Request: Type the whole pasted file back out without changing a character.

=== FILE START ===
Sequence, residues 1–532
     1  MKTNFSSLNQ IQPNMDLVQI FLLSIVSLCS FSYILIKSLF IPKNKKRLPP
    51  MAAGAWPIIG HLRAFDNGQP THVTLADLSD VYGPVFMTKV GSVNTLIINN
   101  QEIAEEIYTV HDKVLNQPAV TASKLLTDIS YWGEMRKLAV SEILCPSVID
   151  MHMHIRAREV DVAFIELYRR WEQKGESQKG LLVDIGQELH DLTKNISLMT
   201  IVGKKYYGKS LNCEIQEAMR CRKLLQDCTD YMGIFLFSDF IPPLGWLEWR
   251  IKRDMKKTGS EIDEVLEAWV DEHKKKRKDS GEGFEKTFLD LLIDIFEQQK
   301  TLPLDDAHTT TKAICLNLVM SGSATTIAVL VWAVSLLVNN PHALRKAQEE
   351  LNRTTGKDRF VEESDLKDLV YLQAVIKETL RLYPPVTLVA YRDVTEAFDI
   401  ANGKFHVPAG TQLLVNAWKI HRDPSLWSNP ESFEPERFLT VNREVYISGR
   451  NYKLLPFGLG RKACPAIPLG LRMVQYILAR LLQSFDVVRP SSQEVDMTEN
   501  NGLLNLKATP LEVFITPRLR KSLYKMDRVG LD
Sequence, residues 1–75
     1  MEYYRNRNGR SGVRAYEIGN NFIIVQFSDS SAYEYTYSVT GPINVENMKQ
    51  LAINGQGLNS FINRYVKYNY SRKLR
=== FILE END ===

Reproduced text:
Sequence, residues 1–532
     1  MKTNFSSLNQ IQPNMDLVQI FLLSIVSLCS FSYILIKSLF IPKNKKRLPP
    51  MAAGAWPIIG HLRAFDNGQP THVTLADLSD VYGPVFMTKV GSVNTLIINN
   101  QEIAEEIYTV HDKVLNQPAV TASKLLTDIS YWGEMRKLAV SEILCPSVID
   151  MHMHIRAREV DVAFIELYRR WEQKGESQKG LLVDIGQELH DLTKNISLMT
   201  IVGKKYYGKS LNCEIQEAMR CRKLLQDCTD YMGIFLFSDF IPPLGWLEWR
   251  IKRDMKKTGS EIDEVLEAWV DEHKKKRKDS GEGFEKTFLD LLIDIFEQQK
   301  TLPLDDAHTT TKAICLNLVM SGSATTIAVL VWAVSLLVNN PHALRKAQEE
   351  LNRTTGKDRF VEESDLKDLV YLQAVIKETL RLYPPVTLVA YRDVTEAFDI
   401  ANGKFHVPAG TQLLVNAWKI HRDPSLWSNP ESFEPERFLT VNREVYISGR
   451  NYKLLPFGLG RKACPAIPLG LRMVQYILAR LLQSFDVVRP SSQEVDMTEN
   501  NGLLNLKATP LEVFITPRLR KSLYKMDRVG LD
Sequence, residues 1–75
     1  MEYYRNRNGR SGVRAYEIGN NFIIVQFSDS SAYEYTYSVT GPINVENMKQ
    51  LAINGQGLNS FINRYVKYNY SRKLR